Reading through the pages of “Interstellar Flight” is a fascinating exercise. Shepherd must confront not only the immense distances involved but the fact that at the time, we had no knowledge of any planetary systems other than our own. Yet even in this very early era of astronautics he is thinking through the implications of future technologies, and I suspect that a few science fiction stories may also have crossed his path as he pondered the likelihood of ‘generation ships’ that could take thousands of people on such journeys. From the paper:

It is obvious that a vehicle carrying a colony of men to a new system should be a veritable Noah’s Ark. Many other creatures besides man might be needed to colonize the other world. Similarly, a wide range of flora would need to be carried. A very careful control of population would be required, particularly in view of the large number of generations involved. This would apply alike to humankind and all creatures transported. Life would go on in the vehicle in a closed cycle, it would be a completely self-contained world. For this and many other obvious reasons the vehicle would assume huge proportions: it would, in fact, be a very small planetoid, weighing perhaps a million tons excluding the dead weight of propellants and fuel. Even this would be pitifully small, but clever design might make it a sufficiently varied world to make living bearable.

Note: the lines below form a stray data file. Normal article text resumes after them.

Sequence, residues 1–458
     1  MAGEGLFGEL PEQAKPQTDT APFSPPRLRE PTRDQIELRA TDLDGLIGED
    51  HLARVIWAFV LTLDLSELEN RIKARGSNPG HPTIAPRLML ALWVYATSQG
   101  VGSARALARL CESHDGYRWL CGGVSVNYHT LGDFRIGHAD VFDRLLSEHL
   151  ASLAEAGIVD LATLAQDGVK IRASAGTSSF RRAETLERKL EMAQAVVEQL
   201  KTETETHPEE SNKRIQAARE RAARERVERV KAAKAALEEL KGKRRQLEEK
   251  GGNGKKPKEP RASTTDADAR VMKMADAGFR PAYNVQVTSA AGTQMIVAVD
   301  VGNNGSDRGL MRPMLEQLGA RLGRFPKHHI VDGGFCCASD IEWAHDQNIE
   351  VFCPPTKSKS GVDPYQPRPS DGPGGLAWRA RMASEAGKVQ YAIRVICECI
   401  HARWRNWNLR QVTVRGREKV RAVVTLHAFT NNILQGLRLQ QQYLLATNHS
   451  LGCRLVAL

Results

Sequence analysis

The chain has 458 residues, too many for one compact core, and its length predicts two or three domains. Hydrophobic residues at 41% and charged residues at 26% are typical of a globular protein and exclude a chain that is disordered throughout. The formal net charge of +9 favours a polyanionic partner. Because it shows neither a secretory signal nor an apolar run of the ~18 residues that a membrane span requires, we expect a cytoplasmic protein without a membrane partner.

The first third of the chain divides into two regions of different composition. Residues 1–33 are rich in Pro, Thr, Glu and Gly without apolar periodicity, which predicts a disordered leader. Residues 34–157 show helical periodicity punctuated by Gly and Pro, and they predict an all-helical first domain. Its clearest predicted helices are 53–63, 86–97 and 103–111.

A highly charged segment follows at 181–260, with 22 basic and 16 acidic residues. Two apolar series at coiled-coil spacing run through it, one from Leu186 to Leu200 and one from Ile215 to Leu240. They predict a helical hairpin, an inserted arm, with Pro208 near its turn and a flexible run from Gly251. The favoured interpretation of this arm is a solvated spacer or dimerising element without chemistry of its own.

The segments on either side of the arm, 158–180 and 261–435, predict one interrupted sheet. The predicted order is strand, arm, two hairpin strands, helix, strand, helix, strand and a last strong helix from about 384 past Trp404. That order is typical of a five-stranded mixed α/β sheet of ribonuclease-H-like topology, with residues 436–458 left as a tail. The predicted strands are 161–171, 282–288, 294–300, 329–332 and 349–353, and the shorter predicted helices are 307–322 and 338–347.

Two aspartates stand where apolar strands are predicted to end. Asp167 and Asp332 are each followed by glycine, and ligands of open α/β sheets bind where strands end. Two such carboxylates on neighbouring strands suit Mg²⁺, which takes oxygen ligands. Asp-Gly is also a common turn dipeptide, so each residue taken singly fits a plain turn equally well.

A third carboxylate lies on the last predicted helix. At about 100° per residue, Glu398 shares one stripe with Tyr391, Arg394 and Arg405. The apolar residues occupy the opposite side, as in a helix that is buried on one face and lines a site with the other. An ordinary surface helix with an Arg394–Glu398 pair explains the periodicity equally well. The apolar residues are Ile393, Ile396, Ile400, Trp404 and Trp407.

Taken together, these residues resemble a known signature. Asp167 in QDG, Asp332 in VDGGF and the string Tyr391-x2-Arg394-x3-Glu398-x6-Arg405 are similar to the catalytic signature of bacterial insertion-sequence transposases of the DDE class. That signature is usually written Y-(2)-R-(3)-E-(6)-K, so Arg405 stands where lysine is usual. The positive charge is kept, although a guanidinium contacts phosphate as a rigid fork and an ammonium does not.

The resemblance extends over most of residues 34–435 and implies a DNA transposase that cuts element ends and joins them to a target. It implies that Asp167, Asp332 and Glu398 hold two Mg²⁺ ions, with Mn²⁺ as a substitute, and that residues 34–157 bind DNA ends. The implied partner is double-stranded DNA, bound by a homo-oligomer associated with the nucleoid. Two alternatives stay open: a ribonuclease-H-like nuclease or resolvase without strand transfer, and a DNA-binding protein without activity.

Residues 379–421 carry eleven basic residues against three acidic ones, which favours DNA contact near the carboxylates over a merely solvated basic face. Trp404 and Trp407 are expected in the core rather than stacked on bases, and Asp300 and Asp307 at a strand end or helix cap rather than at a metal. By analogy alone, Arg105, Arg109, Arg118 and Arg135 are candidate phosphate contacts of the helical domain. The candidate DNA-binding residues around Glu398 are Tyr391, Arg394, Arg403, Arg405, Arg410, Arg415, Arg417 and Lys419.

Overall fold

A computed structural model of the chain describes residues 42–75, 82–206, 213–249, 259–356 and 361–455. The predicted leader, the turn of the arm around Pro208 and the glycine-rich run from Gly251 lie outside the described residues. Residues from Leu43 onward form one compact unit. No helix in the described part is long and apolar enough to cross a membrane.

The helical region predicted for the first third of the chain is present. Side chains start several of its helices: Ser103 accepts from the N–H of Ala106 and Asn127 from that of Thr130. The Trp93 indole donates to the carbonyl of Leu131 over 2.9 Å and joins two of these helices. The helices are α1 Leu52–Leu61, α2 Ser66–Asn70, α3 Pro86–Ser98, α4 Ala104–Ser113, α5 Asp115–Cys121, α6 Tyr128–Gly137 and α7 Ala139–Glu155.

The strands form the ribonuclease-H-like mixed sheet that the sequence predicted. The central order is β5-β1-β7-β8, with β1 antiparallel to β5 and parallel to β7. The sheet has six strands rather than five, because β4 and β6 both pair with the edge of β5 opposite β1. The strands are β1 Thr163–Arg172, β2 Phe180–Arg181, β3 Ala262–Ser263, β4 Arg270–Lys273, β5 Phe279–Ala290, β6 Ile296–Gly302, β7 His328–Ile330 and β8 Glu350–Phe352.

So wide-ranging is the “Interstellar Flight” paper that it also takes in relativistic flight (here there is no option, he believes, but antimatter for propulsion) and time dilation as experienced by the crew, and goes from there to an examination of the interstellar medium and the problems it could present to such a fast-moving vehicle. Shepherd saw early on that collisions with dust particles and interstellar gas had to be considered if a vehicle were moving at a substantial percentage of the speed of light, working out that at velocities of 200,000 kilometers per second or more, the oncoming flux would be about 1011 times as intense as that found at the top of the Earth’s atmosphere. He saw that a considerable mass of material would have to shield the living quarters of any spacecraft moving at these velocities. Project Daedalus would, in the 1970s, re-examine the problem and consider various mechanisms for shielding its unmanned probe.